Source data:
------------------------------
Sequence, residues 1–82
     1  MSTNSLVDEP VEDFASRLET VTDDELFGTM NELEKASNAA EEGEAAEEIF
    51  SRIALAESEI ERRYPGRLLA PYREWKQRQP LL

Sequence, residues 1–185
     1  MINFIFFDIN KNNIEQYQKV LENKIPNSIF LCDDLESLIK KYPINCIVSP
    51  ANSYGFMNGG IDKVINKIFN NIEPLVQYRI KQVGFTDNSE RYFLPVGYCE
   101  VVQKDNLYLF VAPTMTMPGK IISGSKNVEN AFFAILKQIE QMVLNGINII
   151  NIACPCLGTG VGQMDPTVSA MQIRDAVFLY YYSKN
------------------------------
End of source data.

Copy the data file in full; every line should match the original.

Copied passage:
Sequence, residues 1–82
     1  MSTNSLVDEP VEDFASRLET VTDDELFGTM NELEKASNAA EEGEAAEEIF
    51  SRIALAESEI ERRYPGRLLA PYREWKQRQP LL

Sequence, residues 1–185
     1  MINFIFFDIN KNNIEQYQKV LENKIPNSIF LCDDLESLIK KYPINCIVSP
    51  ANSYGFMNGG IDKVINKIFN NIEPLVQYRI KQVGFTDNSE RYFLPVGYCE
   101  VVQKDNLYLF VAPTMTMPGK IISGSKNVEN AFFAILKQIE QMVLNGINII
   151  NIACPCLGTG VGQMDPTVSA MQIRDAVFLY YYSKN